network switching subsystem.A subscriber may also run several applications simultaneously; each ofthem using different external PDNs connected to the same GGSN.Therefore,each application must also be uniquely identified in the NSS.The Network Service Access Point Identifier (NSAPI) is used for thispurpose.The NSAPI is assigned when the GPRS mobile station requestsa call setup,a process referred to as the Packet Data Protocol (PDP)Context Activation Procedure.A PDP context describes the properties of alink between the GPRS mobile station and the GGSN,such as which PDPis transmitted via the link,which QoS level is used for the transmission,the access point in use,etc.The user identity (IMSI) and the application identifier (NSAPI) areintegrated into the Tunnel Identifier (TID)
7
which uniquely identifies thesubscriber’s sublink between the GSNs.The TID is part of the GTPheader,which is added to the user data packet during the encapsulationprocess in the GTP.The user data packet can then be easily tunneled tothe SGSN without further interpretation.This feature makes GPRS open tofuture user data protocols.
Internet Protocol (IP) [RFC 791],User Datagram Protocol (UDP)
[RFC768]
,Transfer Control Protocol (TCP)
[RFC 793]User data,signaling and control information are exchanged between theGSNs and tunneled through the IP backbone in the form of GTP packets.Either UDP or TCP are applied by the endpoints of the tunnels (SGSNsand GGSNs),depending on the user data protocol.Each link on thetransmission path between the (external) Data Terminal Equipment (DTE)and the mobile DTE is either reliable or unreliable.GPRS between the twoaccess points G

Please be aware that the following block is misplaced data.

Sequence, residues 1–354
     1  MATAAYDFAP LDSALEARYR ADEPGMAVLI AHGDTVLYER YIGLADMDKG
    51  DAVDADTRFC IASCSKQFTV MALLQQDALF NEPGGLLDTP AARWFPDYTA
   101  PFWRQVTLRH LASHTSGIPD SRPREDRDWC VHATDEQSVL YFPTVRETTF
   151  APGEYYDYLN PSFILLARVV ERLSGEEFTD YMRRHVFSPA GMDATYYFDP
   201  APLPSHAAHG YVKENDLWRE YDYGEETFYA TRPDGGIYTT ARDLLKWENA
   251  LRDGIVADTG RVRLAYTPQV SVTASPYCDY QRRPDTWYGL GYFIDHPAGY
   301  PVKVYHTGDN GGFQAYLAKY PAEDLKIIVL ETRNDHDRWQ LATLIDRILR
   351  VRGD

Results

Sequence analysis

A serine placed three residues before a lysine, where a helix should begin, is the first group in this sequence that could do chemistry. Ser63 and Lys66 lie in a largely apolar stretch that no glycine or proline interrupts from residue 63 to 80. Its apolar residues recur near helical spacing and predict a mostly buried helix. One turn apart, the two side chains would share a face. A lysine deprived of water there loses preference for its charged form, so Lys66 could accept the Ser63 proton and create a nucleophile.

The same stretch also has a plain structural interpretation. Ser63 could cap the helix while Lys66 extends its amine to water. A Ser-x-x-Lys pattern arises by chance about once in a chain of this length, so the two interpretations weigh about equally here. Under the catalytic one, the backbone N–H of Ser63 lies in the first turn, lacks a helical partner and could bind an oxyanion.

i
and U
m
is just one link in the overall transmission of theuser’s data packet.If IP is used as user data protocol,transmission between the external DTEand the mobile DTE is unreliable.Therefore,the GPRS link between theGSNs can also be unreliable and UDP can be applied on the “sublink”over the NSS part.If the user data protocol is X.25,reliability is ensured on each link andmust therefore also be guaranteed between the GSNs.In this case,thereliable transport layer protocol TCP must be used.On the G
n
and G
p
interfaces,the GPRS Tunneling Protocol (GTP) presents thegreatest challenge to measurement equipment; TCP/UDP/IP measurementprocedures are already well defined.
The GbInterface
Most new protocol layers can be found on the
G
b
interface